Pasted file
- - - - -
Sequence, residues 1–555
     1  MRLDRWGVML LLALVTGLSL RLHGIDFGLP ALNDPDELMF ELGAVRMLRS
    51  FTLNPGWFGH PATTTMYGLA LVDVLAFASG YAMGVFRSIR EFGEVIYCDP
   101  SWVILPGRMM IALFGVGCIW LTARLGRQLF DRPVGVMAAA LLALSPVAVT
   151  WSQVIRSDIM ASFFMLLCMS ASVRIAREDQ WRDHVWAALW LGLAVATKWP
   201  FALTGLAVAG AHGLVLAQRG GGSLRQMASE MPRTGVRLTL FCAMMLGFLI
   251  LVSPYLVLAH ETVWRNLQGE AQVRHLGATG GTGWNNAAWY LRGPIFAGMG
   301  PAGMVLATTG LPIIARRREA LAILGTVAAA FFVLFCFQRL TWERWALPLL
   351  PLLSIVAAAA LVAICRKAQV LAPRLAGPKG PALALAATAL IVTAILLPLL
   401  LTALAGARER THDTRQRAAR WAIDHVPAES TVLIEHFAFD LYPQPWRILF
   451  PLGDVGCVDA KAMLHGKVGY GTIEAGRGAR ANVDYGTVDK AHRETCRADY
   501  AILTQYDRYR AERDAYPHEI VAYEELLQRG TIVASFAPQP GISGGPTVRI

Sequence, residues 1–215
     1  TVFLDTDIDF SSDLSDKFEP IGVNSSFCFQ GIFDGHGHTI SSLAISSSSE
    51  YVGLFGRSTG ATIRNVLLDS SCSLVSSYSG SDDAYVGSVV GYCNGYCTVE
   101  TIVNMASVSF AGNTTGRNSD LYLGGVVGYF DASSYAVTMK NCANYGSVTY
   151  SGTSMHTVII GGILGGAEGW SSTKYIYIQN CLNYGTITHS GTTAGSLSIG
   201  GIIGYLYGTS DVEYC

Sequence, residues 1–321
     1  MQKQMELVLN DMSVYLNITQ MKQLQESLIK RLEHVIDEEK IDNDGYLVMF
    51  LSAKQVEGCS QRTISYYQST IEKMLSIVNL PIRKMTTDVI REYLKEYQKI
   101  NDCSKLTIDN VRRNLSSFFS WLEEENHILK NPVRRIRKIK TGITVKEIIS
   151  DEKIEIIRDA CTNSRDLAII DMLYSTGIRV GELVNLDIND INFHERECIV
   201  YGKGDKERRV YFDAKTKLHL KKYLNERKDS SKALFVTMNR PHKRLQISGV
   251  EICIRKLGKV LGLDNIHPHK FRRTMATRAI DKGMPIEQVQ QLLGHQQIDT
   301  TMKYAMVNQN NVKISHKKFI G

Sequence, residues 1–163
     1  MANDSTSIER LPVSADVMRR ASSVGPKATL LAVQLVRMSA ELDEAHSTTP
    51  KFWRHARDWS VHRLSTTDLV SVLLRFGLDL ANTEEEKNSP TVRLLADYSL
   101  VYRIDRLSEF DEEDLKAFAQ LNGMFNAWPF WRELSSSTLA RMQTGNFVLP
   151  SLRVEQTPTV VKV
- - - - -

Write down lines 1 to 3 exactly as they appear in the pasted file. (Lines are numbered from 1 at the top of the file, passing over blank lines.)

Sequence, residues 1–555
     1  MRLDRWGVML LLALVTGLSL RLHGIDFGLP ALNDPDELMF ELGAVRMLRS
    51  FTLNPGWFGH PATTTMYGLA LVDVLAFASG YAMGVFRSIR EFGEVIYCDP